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A Sensitivity Study of the Porcine Head Subjected to Bump Impact

[+] Author Affiliations
Kimberly A. Thompson, Adam C. Sokolow, Juliana Ivancik, William H. Mermagen, Jr., Sikhanda S. Satapathy

US Army Research Laboratory, Aberdeen Proving Ground, MD

Timothy G. Zhang

TKC Global Inc., Aberdeen Proving Ground, MD

Paper No. IMECE2016-68178, pp. V003T04A047; 10 pages
doi:10.1115/IMECE2016-68178
From:
  • ASME 2016 International Mechanical Engineering Congress and Exposition
  • Volume 3: Biomedical and Biotechnology Engineering
  • Phoenix, Arizona, USA, November 11–17, 2016
  • Conference Sponsors: ASME
  • ISBN: 978-0-7918-5053-4
  • Copyright © 2016 by ASME

abstract

Understanding load transfer to the human brain is a complex problem that has been a key subject of recent investigations [4–6]. Because the porcine is a gyrencephalic species, having greater structural and functional similarities to the human brain than other lower species outlined in the literature, it is commonly chosen as a surrogate for human brain studies [7]. Consequently, we have chosen to use a porcine model in this work. To understand stress wave transfer to and through the brain, it is important to fully characterize the nature of the impact (i.e. source, location, and speed) as well as the response of the constituent tissues under such impact. We suspect the material and topology of these tissues play an important role in their response.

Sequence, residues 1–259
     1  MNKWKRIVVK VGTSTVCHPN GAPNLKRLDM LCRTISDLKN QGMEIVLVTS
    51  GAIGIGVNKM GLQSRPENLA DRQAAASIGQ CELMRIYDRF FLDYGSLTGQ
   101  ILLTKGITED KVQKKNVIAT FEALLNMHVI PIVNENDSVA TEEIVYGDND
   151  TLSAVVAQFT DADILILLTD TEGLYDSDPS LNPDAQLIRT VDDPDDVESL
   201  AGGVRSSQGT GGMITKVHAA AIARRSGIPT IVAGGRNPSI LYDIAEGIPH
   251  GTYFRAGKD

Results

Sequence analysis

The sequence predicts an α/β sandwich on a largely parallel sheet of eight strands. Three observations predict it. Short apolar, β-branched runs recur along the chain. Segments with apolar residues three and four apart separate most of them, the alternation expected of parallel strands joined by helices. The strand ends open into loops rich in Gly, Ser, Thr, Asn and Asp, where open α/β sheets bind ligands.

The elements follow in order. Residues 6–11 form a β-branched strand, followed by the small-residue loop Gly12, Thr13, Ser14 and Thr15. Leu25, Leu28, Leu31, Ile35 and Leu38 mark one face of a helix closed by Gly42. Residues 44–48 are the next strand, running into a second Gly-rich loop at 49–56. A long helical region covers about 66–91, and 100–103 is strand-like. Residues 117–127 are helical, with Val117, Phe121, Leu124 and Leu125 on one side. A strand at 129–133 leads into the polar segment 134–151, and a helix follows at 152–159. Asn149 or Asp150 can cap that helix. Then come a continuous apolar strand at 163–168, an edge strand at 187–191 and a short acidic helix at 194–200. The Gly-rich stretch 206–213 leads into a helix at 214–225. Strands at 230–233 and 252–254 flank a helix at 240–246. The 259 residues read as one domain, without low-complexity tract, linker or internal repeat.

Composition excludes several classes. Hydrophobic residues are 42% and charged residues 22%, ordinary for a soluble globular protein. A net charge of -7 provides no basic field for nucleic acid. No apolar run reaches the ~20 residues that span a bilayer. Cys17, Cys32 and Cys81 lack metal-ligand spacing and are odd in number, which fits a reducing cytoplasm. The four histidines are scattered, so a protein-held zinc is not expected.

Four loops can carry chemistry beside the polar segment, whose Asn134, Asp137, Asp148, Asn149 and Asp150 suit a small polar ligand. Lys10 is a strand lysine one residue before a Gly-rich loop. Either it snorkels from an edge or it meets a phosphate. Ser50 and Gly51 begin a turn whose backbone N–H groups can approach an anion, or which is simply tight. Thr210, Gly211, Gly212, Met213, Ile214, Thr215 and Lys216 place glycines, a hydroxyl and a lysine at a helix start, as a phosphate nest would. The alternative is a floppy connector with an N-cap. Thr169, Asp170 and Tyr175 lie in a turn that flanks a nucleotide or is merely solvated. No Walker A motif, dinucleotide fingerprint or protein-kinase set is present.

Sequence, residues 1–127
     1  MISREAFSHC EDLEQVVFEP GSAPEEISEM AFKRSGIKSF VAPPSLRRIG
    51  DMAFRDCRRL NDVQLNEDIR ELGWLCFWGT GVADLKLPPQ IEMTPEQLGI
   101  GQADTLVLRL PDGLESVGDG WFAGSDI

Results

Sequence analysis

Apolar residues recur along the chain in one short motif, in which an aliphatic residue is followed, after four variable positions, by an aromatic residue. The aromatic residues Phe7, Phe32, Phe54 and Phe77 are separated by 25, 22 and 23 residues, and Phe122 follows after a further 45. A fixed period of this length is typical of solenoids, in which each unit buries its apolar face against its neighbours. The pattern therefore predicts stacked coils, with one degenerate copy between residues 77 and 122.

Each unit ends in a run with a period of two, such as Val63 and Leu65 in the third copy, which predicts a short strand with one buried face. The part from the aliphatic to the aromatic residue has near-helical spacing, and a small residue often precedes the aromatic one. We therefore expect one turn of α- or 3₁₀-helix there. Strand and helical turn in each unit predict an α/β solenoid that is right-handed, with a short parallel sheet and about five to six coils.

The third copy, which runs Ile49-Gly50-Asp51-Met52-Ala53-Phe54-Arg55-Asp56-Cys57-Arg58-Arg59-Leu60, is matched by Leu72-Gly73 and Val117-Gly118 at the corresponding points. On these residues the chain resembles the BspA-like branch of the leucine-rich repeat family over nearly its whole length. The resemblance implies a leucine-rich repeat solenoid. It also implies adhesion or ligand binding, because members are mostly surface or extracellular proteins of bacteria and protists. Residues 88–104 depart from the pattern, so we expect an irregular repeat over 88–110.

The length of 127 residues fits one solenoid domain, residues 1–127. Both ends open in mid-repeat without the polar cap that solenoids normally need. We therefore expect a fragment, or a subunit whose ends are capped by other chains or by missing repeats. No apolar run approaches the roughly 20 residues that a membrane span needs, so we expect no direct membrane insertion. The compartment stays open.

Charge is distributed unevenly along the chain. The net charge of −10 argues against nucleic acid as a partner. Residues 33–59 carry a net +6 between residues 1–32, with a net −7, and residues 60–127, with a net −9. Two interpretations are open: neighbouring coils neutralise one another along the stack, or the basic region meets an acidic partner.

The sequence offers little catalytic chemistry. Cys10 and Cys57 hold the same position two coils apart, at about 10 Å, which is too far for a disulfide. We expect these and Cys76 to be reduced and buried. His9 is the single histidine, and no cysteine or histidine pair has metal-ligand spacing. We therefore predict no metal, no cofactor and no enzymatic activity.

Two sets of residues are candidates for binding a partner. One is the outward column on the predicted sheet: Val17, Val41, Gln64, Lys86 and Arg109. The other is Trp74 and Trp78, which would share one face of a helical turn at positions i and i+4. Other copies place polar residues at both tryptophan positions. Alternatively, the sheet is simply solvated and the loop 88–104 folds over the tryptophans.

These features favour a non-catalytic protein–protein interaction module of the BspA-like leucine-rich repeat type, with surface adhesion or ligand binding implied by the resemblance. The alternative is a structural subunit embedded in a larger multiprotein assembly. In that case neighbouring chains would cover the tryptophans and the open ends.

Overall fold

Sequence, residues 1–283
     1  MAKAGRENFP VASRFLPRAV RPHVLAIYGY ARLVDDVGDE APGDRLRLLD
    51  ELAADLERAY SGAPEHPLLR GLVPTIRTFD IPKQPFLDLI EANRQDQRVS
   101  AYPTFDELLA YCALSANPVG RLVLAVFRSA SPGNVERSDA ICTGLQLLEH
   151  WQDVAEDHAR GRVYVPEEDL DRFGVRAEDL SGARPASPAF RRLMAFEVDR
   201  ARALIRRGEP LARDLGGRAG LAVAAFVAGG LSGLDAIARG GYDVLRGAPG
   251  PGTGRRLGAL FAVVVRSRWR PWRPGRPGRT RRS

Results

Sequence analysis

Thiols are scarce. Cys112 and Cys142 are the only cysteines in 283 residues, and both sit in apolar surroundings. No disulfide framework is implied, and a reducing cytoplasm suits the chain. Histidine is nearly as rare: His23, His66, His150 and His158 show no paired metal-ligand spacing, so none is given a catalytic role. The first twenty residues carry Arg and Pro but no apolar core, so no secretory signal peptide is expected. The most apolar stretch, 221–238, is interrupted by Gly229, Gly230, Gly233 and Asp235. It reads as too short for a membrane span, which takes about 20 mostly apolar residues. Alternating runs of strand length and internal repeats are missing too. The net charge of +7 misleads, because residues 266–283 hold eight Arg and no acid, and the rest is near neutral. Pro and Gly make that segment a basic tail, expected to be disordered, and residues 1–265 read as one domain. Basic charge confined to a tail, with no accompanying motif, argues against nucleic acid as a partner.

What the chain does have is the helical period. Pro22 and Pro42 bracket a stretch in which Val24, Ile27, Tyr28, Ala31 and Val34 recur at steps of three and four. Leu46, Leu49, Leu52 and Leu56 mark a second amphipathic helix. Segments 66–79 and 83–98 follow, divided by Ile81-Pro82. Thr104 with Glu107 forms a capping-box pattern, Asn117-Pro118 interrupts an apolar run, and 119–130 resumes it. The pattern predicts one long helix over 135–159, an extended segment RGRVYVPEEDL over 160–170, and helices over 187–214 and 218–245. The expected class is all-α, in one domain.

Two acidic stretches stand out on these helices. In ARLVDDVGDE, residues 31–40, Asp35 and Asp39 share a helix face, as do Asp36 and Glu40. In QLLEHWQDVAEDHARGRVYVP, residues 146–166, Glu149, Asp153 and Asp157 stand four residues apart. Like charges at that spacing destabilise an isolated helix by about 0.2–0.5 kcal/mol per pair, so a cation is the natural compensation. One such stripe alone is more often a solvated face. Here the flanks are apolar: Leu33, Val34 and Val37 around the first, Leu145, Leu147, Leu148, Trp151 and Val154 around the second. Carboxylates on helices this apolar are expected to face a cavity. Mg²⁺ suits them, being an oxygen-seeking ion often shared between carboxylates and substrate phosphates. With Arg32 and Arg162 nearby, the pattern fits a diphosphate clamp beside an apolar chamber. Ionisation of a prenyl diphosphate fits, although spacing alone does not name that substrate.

In this paper, we report on a numerical study assessing the sensitivity of model parameters for a 6-month old Gottingen mini-pig model, under bump loading. In this study, 2D models are used for computational simplicity. While a 3D model is more realistic in nature, a 2D representation is still valuable in that it can provide trends on parameter sensitivity that can help steer the development of the 3D model. In this work, we investigate the variation of skull and skin thickness, evaluate material variability of the skull, and consider the effects of nasal cavities on load transfer. Eighty simulations are computed in LS-DYNA and analyzed in MATLAB. The results of this study will provide useful knowledge on the necessary components and parameters of the porcine model and therefore provide more confidence in the analysis. This is an essential first step as we look toward bridging the gap between correlates of injury in animal and human models.

Copyright © 2016 by ASME

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